An excellent decision.
But could someone clarify something for me. Does this mean that extra funding will now be given to the NIH to be awarded towards stem cell research or does it mean that the funding will come from the existing NIH budget and that, put simply, stem cell researchers can now apply for it.
Im not exactly sure how it works.http://www.latimes.com/news/nationworld/nation/la-na-stemcells-states13-2009mar13,0,773884.story
Im trying to find this out now. Check out this new link, looks like there is going to be a fight!
I think it simply means that US government funds can now be used to work on these stem cells, which in turn means that funds can be applied for.
The basics are as following:
1. According to Bush, federal funds could only be used on the 21 stem cell lines that were developed before August 2001
2. The lift of the ban does not mean scientist can use federal funds to develop new stem cells (there is a second ban preventing the development of new stem cells from embryos that has not been lifted). In other words, scientists cannot develop new stem cells from embryos using federal money.
3. Yet, with the lifting of the ban scientists can use federal money to research new stem cell that were (or are) developed without using federal funds. In other words, now the only limitation is on the development of new stem cells from embryos.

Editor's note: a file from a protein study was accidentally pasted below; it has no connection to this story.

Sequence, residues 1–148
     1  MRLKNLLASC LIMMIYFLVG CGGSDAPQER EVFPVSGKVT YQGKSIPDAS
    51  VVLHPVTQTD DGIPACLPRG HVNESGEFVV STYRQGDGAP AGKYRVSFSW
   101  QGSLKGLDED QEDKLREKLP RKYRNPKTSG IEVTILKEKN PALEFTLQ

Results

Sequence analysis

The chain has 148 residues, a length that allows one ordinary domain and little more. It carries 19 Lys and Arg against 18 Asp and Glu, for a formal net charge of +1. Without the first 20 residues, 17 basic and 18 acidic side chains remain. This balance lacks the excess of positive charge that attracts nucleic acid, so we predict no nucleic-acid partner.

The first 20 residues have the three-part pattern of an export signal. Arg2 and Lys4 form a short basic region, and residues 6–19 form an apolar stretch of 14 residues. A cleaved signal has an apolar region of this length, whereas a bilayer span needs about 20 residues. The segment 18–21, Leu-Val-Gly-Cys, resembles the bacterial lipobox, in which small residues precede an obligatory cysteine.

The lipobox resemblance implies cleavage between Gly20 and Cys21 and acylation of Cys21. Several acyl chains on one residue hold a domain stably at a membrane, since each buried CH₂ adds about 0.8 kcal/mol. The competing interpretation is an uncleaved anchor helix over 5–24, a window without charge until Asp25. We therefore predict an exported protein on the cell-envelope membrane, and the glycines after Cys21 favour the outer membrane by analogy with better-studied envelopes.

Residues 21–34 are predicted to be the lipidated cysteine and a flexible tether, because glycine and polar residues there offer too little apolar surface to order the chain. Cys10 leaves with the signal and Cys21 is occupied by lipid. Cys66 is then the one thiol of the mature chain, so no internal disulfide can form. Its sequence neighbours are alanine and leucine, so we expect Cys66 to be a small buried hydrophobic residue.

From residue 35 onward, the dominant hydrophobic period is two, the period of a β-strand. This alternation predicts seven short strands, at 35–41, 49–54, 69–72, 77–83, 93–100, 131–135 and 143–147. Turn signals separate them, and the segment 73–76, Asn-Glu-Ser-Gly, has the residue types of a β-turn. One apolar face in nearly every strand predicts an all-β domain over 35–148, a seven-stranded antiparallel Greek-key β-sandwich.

4. Ever since the August 2001 ban, scientists all over the world have developed ways of creating stem cells from adult cells instead of embryos, essentially getting around the politics of using embryos. Thanks to these new technologies much of the Republican legislation against stem cells was already essentially worthless.
In short, the lifting of the ban is great news because a significant barrier has been lifted. Yet at the same time scientist had already taken steps to get around this. If you ask a stem cell researcher, one of the things he or she will tell you is that lifting the ban is great because now you do not have to dance around the subject. Also they do not have to spend time tinkering with their budget so that no federal money was being used to develop stem cells. In essence, the average stem cell scientist no longer has to run two budgets: the federal money that was being used on everything else, and the "other" non-federal money (most of it private) funding the development of stem cells.
You could argue that for a scientist, as much as having access to this new money is the psychological boost of not having to deal with limitations.
You've got to love a scientist's creativity.